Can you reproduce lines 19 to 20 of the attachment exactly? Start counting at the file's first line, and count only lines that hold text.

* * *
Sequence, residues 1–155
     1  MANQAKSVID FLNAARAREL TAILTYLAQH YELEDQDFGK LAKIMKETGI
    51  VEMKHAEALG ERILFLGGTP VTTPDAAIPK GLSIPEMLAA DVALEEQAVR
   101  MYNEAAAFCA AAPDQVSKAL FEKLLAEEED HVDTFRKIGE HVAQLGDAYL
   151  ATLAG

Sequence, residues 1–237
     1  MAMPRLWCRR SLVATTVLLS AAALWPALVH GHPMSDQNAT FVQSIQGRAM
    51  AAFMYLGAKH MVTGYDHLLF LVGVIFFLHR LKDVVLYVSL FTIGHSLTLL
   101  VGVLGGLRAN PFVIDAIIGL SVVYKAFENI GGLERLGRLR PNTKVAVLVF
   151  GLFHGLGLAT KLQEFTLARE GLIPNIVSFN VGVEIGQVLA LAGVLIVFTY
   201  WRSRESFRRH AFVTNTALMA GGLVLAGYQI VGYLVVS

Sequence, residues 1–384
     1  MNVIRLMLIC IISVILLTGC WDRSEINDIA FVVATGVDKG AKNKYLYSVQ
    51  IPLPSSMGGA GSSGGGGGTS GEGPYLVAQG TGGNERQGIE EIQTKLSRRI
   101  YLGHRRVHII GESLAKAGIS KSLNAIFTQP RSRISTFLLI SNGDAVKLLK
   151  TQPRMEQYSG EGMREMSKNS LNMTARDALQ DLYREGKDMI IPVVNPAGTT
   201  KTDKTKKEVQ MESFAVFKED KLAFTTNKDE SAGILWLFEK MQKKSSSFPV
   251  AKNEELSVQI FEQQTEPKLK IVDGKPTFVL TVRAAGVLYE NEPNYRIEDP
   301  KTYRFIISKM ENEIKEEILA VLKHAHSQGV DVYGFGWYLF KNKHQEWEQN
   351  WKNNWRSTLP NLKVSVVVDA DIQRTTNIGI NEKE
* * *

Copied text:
   301  KTYRFIISKM ENEIKEEILA VLKHAHSQGV DVYGFGWYLF KNKHQEWEQN
   351  WKNNWRSTLP NLKVSVVVDA DIQRTTNIGI NEKE